Researchers are testing a device called the Scrambler which ''re-trains'' the brain to alleviate chronic pain caused by chemotherapy treatment. Ben Gruber reports.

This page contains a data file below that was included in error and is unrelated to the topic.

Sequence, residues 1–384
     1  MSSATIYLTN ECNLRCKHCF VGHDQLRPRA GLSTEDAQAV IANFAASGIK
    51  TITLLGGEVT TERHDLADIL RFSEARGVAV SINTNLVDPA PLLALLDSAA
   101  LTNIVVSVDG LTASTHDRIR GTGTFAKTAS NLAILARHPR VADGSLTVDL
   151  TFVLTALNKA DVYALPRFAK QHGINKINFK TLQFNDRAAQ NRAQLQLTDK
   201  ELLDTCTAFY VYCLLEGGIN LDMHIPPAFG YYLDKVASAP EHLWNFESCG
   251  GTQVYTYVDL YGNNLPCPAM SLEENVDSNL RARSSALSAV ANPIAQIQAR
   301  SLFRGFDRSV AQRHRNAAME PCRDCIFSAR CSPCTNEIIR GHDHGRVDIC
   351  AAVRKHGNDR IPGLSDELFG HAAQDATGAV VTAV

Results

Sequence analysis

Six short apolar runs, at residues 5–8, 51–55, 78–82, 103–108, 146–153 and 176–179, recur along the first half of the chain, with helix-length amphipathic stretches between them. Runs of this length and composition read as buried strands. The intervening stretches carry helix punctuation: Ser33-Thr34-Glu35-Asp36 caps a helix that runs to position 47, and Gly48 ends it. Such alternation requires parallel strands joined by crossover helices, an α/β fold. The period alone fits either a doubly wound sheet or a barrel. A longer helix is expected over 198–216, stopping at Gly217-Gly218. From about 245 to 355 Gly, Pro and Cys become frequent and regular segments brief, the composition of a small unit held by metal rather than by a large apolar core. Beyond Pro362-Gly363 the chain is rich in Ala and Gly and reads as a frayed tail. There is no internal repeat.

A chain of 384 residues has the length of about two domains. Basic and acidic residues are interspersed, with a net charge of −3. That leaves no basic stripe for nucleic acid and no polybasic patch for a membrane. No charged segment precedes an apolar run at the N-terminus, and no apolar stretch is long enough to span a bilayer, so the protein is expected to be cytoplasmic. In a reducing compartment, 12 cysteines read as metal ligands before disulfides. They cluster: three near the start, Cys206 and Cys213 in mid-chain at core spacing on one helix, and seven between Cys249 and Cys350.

STORY: Karen Safranek is a survivor. Thirteen years ago, she was diagnosed with breast cancer, but after intensive chemotherapy treatment, was declared cancer free. It was good news..but while the cancer was gone, the treatment had triggered a severe case of peripheral neuropathy, a debilitating condition that causes chronic pain. (SOUNDBITE) (English) KAREN SAFRANEK, CANCER SURVIVOR, SAYING: "On a scale of 1 to 10 it was like a 12. It was excruciating pain. Like my feet and legs were on fire and, it's so hard to describe, because they felt so painful and yet they were numb." ..and it's a condition that won't go away. Dr. Charles Loprinzi of the Mayo clinic says peripheral neuropathy occurs when the brain sends pain signals to damaged nerves in a constant cycle. He says it's a common side-effect of chemotherapy that's difficult to treat. (SOUNDBITE) (English) DR. CHARLES LOPRINZI, PROFESSOR OF BREAST CANCER RESEARCH, MAYO CLINIC, SAYING: "It's a major problem from a number of chemotherapy drugs, probably the most prominent problem we have these days. For some it limits the amount of chemotherapy we can give and for some that get the chemotherapy it gets better afterwards, but for some it stays there and can be a persistent problem for years." That was the case for Karen Safranek. For her, the pain was so severe she could barely walk. But then learned of a clinical trial at the Mayo Clinic that was testing a new device called the Scrambler, and she signed on without hesitation.. The machine, which resembles a large car battery, is designed break the pain cycle. (SOUNDBITE) (English) DR. CHARLES LOPRINZI, PROFESSOR OF BREAST CANCER RESEARCH, MAYO CLINIC, SAYING: "You put electrodes on those nerves and you give them different electrical signals and those different electrical signals kind of re-train the brain and say really this isn't pain." After her first treatment Karen says scrambler therapy started working. After four treatments, the pain she had endured for more than a decade was gone. (SOUNDBITE) (English) KAREN SAFRANEK, CANCER SURVIVOR, SAYING: "It was so incredible that I hadn't felt pain free for so many years that I guess I didn't expect it to last. It's working right now but I don't know if it will be this way tomorrow." It's been a year since her scrambler therapy and Karen says the pain has not returned. Dr. Loprinzi says the Scrambler will not work for everyone, and that broader testing needs to be done…but eventually he says, it could be the key for many people, like Karen Safranek, to a life free of pain.